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These are great sites to use. Now, the only question is if Google employees fix the new Health Insurance Exchange, will it be called Google Care?
8 months, 3 weeks ago on 3 FREE Google Tools all PR Pros Should Use
@martinwaxman @RobBiesenbach @Howie Goldfarb @HeatherTweedy @jasonkonopinski A great discussion here. I think achievement-based pay is the future, especially as more people work part-time or are self-employed. The problem, of course, is that time is still the most common and simplest metric for measuring performance. (think of all the face time people give at the office) Until that changes for most professionals, we will always just be equating time with money.
8 months, 3 weeks ago on What the PR Industry Can Expect in the Next 10 Years
@jspepper I agree with you completely. Just write about what you care about and don't worry what people think. That's what's great about blogging.
10 months, 2 weeks ago on Where did all the good (individual) PR blogs go?
#goodcolumn I agree. Creating a hashtag is like raising a flag and saying follow me. But people aren't going to follow a hashtag unless it's open-ended, compelling, and/or entertaining. So making up inside joke hashtags is #silly.
10 months, 3 weeks ago on Conversation @ http://blog.loispaul.com/blog/2013/09/a-hashtag-for-a-hashtag-only-ends-up-leaving-the-social-media-world-blind.html
The Kutcher speech didn't resonate me. I'm not saying he wasn't genuine; I just found it hard to relate to someone talking about working in a factory, when he experienced stardom at such a young age. I'm more impressed by those who haven't made it as far in their careers, but work just as hard in their lives.
11 months, 2 weeks ago on The Three Things, Edition 44
Not sure I agree that this is possible for FB to become like a newspaper, albeit digital. Algorithms can't replace experienced journalists and their news judgement, no matter how smart they get. While news editors have always wanted to "sell more papers," they traditionally have not thought solely along those lines when they determined what news to cover and where to place it. There was an element of thought and discussion on those decisions, that went beyond an algorithm.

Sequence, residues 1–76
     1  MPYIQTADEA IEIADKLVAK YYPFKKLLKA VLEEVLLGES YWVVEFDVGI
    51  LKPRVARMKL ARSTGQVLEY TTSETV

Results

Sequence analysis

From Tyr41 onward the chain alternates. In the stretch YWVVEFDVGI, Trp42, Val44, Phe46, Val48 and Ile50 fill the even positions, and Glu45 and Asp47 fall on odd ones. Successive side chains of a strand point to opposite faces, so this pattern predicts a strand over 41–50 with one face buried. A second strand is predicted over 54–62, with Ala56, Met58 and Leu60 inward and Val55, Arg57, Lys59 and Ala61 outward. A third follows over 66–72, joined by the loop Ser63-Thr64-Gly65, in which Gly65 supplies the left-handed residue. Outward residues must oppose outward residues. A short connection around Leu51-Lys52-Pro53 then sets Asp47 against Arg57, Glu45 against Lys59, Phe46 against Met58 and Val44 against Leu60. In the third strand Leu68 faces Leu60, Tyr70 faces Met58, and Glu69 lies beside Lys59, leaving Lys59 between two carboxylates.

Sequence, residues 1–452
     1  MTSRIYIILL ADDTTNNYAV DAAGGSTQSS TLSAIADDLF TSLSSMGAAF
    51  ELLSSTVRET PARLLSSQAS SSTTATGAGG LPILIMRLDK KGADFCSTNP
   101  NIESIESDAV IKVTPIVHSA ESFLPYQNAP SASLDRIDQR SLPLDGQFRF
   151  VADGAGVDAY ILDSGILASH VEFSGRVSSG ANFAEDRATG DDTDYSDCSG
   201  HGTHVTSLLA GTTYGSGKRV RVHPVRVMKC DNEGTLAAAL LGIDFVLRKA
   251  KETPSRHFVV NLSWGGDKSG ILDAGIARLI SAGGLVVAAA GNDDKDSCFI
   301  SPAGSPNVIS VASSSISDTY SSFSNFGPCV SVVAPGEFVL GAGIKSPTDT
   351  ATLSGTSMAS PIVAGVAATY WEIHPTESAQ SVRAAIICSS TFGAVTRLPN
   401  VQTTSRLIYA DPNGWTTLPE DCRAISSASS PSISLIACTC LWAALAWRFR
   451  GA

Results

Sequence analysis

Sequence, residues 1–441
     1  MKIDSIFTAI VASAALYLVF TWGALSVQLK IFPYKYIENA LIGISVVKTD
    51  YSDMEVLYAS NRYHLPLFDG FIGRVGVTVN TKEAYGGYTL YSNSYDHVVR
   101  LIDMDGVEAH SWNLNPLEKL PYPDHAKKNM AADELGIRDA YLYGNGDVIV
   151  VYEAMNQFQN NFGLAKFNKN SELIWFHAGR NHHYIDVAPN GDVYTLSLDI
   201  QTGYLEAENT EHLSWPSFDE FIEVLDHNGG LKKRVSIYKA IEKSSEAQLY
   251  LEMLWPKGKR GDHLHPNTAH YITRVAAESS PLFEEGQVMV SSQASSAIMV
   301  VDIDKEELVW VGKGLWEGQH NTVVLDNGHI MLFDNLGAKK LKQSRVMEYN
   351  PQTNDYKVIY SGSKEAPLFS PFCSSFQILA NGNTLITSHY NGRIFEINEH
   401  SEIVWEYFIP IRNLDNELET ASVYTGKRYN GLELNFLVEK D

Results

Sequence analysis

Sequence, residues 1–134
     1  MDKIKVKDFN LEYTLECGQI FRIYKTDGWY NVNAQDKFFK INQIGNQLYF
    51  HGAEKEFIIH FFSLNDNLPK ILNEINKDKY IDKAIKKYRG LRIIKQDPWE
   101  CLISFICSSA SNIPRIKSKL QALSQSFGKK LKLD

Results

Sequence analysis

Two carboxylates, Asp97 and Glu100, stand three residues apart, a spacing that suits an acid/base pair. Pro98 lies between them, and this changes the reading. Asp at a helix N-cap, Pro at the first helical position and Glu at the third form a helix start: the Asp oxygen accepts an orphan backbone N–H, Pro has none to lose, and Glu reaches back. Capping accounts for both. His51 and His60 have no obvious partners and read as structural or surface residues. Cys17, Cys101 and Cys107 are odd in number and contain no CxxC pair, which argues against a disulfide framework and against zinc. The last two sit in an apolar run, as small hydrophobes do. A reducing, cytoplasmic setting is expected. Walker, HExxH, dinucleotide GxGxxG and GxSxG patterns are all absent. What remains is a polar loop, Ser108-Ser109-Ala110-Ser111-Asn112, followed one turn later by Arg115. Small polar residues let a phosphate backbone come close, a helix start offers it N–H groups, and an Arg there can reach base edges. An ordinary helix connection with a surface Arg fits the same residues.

11 months, 4 weeks ago on Facebook continues to make Zuckerberg’s newspaper metaphor a reality
@Keena Lykins I agree. As a reporter, you never want to go off the record. But that is more because if you are ethical, it is a waste of your time. You can't use what the source said. And often what is said off the record is simply opinion. The fact that the comm. director cursed? Please. Reporters are always being yelled at by sources. (The insult that used to bug me the most was I was a reporter was when they said I got my facts wrong). But that being said, It's part of the job. Usually, reporters don't write about their sources venting because the public doesn't care; they care about the news. The rest is inside baseball. But in this case, I guess you could make the case that it is news: Weiner needed to respond, and the comm director's venting seemed like the most candid reaction to the intern's story. But you can be sure that if that the relationship between the reporter and that comm director is over.
12 months ago on There is No Such Thing as Off-the-Record
I was wondering why I keep seeing these ads in my Facebook feed. They are really annoying! Is there any way to remove them? Kind of like a "Do Not Call" list for Facebook posts?:)
12 months ago on Using online ads? Prepare for backlash
With all the questions about brands playing bloggers, why not just do it the old-fashioned way: with advertising? I know that paying bloggers is essentially buying ads, but I think paying for articles is essentially undermining the essence of a blog: the ability to write and publish whatever you think. As more bloggers get paid by brands and are obligated to write advertorials, blogs will lose their appeal and readers will go elsewhere. It might not happen now, but it will eventually.
1 year ago on Blogging for Pay: Should Brands Pay for Mentions?
I think that the idea of managing communities is a good way to look at it. But it can't take away from the foundation of all successful PR: finding and telling compelling stories. After all, everyone knows how to post on Facebook and create hash tags, but no one knows what content will go viral and have a measurable impact for a client. It comes down to the experience and talent that PR consultants bring, and as you said, experimentation and persistence in social media.
1 year ago on Community Management is the New PR
I agree with you. It is an excuse that equates to: "I am sorry I haven't gotten back to you. It's just been crazy around here." If that is used occasionally, then I would not be concerned about it. But if someone is constantly having trouble "managing their emails," then he either needs help figuring out how and when to read emails, or he just really doesn't want to deal with you.
1 year ago on 400 unread emails in your inbox: Does that make you important or inept?